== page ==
He who buys ‘Success’, reads and digests its precepts, will find this inspiring volume a sure will-tonic. It will nerve him to be up and doing. It will put such spring and go into him that he will make a determined start on that road which, pursued with perseverance, leads onwards and upwards to the desired goal–SUCCESS.

Success–that is the royal road we all want to tread, for the echo off its flagstones sounds pleasantly in the mind.

It gives to man all that the natural man desires: the opportunity of exercising his activities to the full; the sense of power; the feeling that life is a slave, not a master; the knowledge that some great industry has quickened into life under the impulse of a single brain. What are the qualities which make for success?

They are three:

Judgment, Industry, and Health, and perhaps the greatest of these is judgment.

These are the three pillars which hold up the fabric of success. But in using the word judgment one has said everything.

First published in 1912, Success was written by William Maxwell “Max” Aitken, first Baron Beaverbrook, PC who was a Canadian – British business tycoon and politician. His visits to the Western Front during World War I, during which he held the honorary rank of colonel in the Canadian Army, resulted in his 1916 book Canada in Flanders, a three-volume collection that chronicled the achievements of Canadian soldiers on the battlefields.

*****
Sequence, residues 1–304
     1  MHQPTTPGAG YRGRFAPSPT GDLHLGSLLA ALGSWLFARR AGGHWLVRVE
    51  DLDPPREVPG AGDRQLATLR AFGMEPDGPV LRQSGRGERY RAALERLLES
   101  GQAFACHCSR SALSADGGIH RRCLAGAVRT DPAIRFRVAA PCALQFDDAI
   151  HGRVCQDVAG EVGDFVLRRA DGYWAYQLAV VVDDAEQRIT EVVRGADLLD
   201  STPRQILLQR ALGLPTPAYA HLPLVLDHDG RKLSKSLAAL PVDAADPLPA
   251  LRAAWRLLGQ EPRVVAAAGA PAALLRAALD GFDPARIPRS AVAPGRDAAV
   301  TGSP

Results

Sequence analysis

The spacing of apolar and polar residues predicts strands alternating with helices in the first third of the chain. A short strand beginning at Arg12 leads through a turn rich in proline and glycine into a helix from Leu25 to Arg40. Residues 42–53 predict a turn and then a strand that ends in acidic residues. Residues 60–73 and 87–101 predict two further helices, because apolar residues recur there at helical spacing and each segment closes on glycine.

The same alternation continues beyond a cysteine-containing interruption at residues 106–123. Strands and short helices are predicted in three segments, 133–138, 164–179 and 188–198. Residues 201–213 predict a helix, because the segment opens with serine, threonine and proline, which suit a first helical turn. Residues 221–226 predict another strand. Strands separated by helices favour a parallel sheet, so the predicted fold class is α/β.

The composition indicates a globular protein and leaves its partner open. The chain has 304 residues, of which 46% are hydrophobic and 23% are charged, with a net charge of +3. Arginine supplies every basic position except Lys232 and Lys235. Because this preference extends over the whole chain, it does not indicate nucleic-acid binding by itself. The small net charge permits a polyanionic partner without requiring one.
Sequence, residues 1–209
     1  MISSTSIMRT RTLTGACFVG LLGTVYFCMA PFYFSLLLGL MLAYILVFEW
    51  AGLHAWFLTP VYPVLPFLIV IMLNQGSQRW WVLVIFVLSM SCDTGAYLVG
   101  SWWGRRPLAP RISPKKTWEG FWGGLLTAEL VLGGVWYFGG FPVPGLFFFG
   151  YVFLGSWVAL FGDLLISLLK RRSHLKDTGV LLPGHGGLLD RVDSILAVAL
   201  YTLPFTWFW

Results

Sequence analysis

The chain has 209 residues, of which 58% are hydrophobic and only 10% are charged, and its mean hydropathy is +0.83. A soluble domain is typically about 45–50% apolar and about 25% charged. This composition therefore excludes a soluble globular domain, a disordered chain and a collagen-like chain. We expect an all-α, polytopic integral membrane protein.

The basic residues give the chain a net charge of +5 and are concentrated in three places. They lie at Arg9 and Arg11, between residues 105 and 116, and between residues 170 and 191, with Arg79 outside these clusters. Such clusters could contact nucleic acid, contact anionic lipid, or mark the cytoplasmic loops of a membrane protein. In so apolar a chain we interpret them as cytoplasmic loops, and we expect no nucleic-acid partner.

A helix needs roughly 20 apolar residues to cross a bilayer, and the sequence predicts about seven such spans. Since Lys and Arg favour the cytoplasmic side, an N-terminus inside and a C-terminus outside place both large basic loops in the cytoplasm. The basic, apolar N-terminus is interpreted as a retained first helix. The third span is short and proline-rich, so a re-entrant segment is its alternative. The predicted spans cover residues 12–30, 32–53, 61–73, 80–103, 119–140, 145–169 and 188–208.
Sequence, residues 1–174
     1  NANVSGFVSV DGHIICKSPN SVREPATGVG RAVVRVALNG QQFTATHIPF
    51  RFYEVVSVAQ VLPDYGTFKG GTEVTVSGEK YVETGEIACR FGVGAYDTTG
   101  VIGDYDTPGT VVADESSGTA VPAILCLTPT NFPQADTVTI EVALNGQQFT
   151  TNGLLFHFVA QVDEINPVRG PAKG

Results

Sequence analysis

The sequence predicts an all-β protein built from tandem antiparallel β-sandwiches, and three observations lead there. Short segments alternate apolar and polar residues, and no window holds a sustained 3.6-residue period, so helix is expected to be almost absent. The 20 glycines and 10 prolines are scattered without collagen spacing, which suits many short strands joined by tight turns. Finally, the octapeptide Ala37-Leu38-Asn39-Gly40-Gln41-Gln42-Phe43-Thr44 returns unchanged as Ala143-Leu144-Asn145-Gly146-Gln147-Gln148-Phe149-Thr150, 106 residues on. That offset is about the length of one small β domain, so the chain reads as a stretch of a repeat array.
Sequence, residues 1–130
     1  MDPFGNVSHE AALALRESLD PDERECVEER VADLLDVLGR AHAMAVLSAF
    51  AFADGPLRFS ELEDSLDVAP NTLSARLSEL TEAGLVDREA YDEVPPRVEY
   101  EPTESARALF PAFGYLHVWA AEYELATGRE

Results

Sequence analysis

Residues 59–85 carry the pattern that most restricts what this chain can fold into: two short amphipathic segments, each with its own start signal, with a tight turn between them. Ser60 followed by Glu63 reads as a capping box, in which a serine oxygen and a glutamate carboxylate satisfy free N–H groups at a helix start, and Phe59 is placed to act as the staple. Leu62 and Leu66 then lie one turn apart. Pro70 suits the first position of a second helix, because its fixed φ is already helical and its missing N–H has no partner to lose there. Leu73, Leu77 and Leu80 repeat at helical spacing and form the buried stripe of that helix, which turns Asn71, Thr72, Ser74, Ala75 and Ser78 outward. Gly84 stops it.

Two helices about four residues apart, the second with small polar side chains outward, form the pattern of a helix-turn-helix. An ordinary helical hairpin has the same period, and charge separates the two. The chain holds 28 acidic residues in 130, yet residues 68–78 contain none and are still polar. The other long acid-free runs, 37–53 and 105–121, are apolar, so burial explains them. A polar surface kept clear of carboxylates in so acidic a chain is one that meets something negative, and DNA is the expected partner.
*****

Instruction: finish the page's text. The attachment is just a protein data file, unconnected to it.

After the War, he wrote several books including Politicians and the Press in 1925 and Politicians and the War in 1928.

Table of Contents

  • PUBLISHERS’ NOTE5
  • PREFACE6
  • I SUCCESS8
  • II HAPPINESS: THREE SECRETS13
  • III LUCK18
  • IV MODERATION24
  • V MONEY30
  • VI EDUCATION35
  • VII ARROGANCE40
  • VIII COURAGE44
  • IX PANIC48
  • X DEPRESSION52
  • XI FAILURE56
  • XII CONSISTENCY61
  • XIII PREJUDICE65
  • XIV CALM69

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